by Brad DeBusk — September 22, 2016

  7. Brad, try Travelers Rest. Also, go up hwy. 25 toward Asheville and look at Flat Rock, NC and Tryon, NC. Very nice. Landrum SC is also worth a long look. Excellent new library. Exquisite downtown area and a foodie haven as well.

    by Jack — September 23, 2016

  8. Brad, Take a look at Greer, east of Greenville.

    by DeyErmand — September 24, 2016

  9. I have lived and worked in twelve cities in S. Carolina, while having  a home in NE Ohio to return to after each job assignments. Sometimes it was months, most times it was a year at a time. I found S. Carolina to be a charming place to live due to the warm and friendly people. There is always a variety of affordable things to do year round in the state. They have kept historic sites and old traditions intact, where you can visit these places and experience the beauty of the cities cultural activities and historic sites. South Carolina doesn’t tax social security benefits.  State income taxes are also very low. When you factor in housing, taxes, utilities, and daily expenses, this is the place to retire with ease. South Carolina has a 34th ranking in Medical care, so do some research on the area you want to retire. The state has gone to great lengths to improve statewide medical care since I have last been there.The climate is warm, humid subtropical. Summer days are warm and humid but moderated along the coast by sea breezes. Due to the warm marine influence and the Gulf Stream, winters are very mild . Yet don’t be surprised that the Northwest of the State gets snow for a few days. I have noticed in the “snow” areas, that the summer humidity is a bit more taxing then I like. Only 5 of the places listed above were on my list of 10 choices. Hilton Head Island, Bluffton, Myrtle Beach, Summerville, and Beaufort. Nice to narrow it down to 5, thanks.

    by DeyErmand — September 25, 2016

  10. Does anyone know the conditions in Charleston following Hurricane Matthew? I was planning a visit the last week of October.

    by D. Franke — October 18, 2016

  11. D. Franke, in downtown Charleston everything is pretty well back to normal. Outlying areas are struggling a bit though

    by Carole — October 19, 2016

  12. I did a two week tour of South Carolina from Sept. 21 to Oct. 6, and it’s taken me two more weeks to get on top of all my home chores after such a long absence. Laundry, email, you know. But it’s a quiet Saturday morning now, and I have time to put down my thoughts, for those who asked.

    Travelers Rest: I entered the state of South Carolina on the freeway from Asheville, NC, which allowed me to pass through Travelers Rest. I was charmed! Loved the tall pines and rolling hills. Just beautiful. I must return for a second look.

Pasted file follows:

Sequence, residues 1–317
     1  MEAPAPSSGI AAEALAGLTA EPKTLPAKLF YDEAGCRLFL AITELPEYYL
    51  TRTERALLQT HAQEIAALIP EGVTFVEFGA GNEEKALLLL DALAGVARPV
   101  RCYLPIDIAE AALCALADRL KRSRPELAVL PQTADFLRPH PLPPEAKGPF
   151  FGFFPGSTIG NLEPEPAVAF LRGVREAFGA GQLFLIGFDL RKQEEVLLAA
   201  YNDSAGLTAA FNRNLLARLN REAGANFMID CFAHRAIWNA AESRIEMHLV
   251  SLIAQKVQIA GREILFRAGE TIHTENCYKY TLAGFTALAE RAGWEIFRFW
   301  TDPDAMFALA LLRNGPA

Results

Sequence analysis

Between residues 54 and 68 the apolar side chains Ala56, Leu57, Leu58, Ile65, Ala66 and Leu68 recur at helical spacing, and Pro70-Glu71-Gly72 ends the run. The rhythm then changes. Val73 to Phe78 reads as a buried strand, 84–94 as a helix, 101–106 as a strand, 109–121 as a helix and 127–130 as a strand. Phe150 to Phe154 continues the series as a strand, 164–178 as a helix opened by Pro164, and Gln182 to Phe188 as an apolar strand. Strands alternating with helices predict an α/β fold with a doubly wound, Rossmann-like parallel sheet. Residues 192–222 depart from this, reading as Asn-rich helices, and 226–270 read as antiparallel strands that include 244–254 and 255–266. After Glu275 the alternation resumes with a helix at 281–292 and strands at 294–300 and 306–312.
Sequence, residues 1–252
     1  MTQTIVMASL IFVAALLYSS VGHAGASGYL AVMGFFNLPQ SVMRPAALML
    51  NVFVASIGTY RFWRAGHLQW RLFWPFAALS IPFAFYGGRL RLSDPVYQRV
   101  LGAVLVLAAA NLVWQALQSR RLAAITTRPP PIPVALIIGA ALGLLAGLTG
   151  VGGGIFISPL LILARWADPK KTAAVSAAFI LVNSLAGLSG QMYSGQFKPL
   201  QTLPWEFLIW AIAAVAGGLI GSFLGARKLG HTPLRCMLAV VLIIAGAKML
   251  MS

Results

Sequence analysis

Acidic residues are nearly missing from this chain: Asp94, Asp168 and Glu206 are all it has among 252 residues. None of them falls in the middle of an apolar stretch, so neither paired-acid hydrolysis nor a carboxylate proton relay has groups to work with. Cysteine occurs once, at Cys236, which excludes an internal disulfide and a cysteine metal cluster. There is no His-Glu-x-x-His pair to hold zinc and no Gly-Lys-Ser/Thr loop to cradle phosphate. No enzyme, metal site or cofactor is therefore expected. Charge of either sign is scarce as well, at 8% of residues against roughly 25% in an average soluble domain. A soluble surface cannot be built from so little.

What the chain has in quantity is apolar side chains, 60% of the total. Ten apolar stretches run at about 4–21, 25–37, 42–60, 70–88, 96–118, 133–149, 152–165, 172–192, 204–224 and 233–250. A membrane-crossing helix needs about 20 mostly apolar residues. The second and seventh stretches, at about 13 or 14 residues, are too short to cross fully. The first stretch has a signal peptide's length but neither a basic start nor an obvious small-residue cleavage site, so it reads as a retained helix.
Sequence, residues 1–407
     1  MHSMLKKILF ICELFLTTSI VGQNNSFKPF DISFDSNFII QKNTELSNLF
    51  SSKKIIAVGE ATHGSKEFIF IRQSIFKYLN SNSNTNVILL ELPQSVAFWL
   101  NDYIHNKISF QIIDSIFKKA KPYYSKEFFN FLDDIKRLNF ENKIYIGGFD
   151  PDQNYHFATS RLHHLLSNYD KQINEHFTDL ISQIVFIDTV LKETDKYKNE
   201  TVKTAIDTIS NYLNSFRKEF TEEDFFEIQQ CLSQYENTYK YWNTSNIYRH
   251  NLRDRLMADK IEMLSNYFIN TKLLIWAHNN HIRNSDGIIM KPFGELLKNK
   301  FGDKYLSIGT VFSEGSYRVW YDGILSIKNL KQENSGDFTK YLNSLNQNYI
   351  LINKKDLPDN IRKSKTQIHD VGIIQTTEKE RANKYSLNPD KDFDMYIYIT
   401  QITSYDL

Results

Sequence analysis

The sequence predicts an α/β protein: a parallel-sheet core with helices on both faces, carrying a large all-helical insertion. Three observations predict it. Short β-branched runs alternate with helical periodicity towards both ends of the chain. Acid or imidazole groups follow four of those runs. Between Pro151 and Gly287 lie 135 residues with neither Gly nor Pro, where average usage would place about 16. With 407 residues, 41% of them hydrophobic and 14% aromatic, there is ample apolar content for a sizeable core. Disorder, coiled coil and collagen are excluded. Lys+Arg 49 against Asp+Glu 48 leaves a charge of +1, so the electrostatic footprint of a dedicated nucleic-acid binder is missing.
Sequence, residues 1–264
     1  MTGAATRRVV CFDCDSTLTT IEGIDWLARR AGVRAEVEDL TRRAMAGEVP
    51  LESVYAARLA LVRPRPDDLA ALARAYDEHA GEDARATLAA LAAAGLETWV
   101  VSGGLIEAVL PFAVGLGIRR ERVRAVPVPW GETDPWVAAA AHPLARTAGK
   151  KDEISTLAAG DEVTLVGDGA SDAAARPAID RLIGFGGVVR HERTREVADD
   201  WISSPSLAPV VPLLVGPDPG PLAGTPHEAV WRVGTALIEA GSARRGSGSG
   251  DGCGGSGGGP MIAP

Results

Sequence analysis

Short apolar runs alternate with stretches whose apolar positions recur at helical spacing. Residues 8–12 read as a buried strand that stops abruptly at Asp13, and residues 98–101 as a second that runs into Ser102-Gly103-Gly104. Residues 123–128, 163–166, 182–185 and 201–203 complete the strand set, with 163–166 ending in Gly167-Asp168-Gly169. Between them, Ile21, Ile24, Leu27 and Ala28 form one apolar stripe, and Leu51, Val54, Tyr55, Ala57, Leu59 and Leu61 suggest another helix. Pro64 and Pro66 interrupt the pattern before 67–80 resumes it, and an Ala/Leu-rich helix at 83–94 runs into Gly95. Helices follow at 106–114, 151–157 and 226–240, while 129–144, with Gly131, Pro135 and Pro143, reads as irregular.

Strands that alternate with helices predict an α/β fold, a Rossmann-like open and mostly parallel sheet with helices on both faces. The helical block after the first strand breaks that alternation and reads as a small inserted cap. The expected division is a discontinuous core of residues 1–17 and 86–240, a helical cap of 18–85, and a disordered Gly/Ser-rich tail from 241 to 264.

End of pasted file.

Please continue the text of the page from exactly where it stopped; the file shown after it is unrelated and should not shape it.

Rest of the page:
Greenville. Would have been perfect perhaps 10 years ago, but it’s gotten so big now and so complex. Success has been not only a friend but also an enemy. If only there were a magic wand to go “POOF!” and erase everything built over the last few years. I’m just too late to the party on Greenville. And I’m sad, because I can see what it used to be.

    Clemson was a side-trip from Greenville. I loved the college campus and little town. Really liked it a lot. I’m going to go back when I make another trip to the state.

    Lake Keowee: This was a side-trip from Clemson. I was really disappointed. I expected to see lots of waterfront properties and pretty lake views, but instead I saw a man-made reservoir that just was not attractive. Drove as far as White Harbor and cut my losses. Waste of time. If you know differently, please educate me. Keep in mind, this was only a quick look.

    Aiken: Absolutely loved Aiken. Rolling hills, pretty vistas, very adorable old-timey main street downtown. Also has all the shopping and medical I would want. I’m not a horse person, but nonetheless felt I could fit in there. I didn’t see a single soul walking around in riding gear, and I had been led to believe it was that kind of town. My main objective in Aiken was to explore the Woodside Plantation community, which I could not have entered unless with a realtor. I stopped at Coldwell Banker and a lovely woman (Patti) spent two hours driving me around W.P. and Aiken. I could be quite content to live in this town. Negatives? Well, I’ve thought about it, and here’s what I think. It’s isolated. Is that good or bad? Both. Will friends and family go “Ugh!” at the thought of just getting there? Or would I feel that way when wanting to fly anywhere? Worth thinking about. But the good part about being isolated is that there’s less chance of rapid growth like what happened to Greenville.